Few people have the tenacity of ecologists Peter and Rosemary Grant, willing to spend part of each year since 1973 in a tent on a tiny, barren volcanic island in the Galapagos. Even fewer would have the patience to catch, weigh, measure, and identify hundreds of small birds and record their diets of seeds.
But for the Grants, the rewards have been great: They have done nothing less than witness Darwin's theory of evolution unfold before their eyes. That would have stunned Darwin, who thought natural selection operated over vast periods of time and couldn't be observed.
In their natural laboratory, the 100-acre island called Daphne Major, the Grants and their assistants watched the struggle for survival among individuals in two species of small birds called Darwin's finches. The struggle is mainly about food -- different types of seeds -- and the availability of that food is dramatically influenced by year-to-year weather changes.
The Grants wanted to find out whether they could see the force of natural selection at work, judging by which birds survived the changing environment. For the finches, body size and the size and shape of their beaks are traits that vary in adapting to environmental niches or changes in those niches. Body and beak variation occurs randomly. The birds with the best-suited bodies and beaks for the particular environment survive and pass along the successful adaptation from one generation to another through natural selection.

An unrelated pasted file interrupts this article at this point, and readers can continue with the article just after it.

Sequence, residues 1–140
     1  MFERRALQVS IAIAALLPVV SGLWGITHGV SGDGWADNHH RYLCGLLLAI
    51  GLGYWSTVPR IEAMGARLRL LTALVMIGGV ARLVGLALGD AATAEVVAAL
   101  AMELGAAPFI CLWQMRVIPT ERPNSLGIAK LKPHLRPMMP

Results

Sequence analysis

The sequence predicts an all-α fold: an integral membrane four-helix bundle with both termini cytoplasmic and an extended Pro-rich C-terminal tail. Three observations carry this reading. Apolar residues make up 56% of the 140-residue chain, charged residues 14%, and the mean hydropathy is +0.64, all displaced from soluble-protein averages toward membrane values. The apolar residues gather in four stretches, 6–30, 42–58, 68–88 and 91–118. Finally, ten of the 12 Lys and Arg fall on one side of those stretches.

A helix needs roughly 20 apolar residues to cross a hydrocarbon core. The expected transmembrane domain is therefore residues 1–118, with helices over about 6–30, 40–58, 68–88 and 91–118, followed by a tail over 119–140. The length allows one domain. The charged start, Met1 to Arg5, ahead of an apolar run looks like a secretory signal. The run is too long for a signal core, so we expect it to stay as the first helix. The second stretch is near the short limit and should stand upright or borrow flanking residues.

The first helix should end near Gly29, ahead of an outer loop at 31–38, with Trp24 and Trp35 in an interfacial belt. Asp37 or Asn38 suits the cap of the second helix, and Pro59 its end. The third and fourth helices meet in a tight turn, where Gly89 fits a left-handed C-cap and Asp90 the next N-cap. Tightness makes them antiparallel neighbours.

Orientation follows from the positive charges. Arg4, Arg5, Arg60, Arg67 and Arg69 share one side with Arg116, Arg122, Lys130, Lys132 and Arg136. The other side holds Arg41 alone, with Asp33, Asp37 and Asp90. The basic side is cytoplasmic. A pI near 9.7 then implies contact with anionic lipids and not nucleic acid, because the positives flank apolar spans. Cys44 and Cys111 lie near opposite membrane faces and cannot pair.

Natural selection at its most powerful winnowed certain finches harshly during a severe drought in 1977. That year, the vegetation withered. Seeds of all kinds were scarce. The small, soft ones were quickly exhausted by the birds, leaving mainly large, tough seeds that the finches normally ignore. Under these drastically changing conditions, the struggle to survive favored the larger birds with deep, strong beaks for opening the hard seeds.
Smaller finches with less-powerful beaks perished.
So the birds that were the winners in the game of natural selection lived to reproduce. The big-beaked finches just happened to be the ones favored by the particular set of conditions Nature imposed that year.
Now the next step: evolution. The Grants found that the offspring of the birds that survived the 1977 drought tended to be larger, with bigger beaks. So the adaptation to a changed environment led to a larger-beaked finch population in the following generation.
Adaptation can go either way, of course. As the Grants later found, unusually rainy weather in 1984-85 resulted in more small, soft seeds on the menu and fewer of the large, tough ones. Sure enough, the birds best adapted to eat those seeds because of their smaller beaks were the ones that survived and produced the most offspring.
Evolution had cycled back the other direction.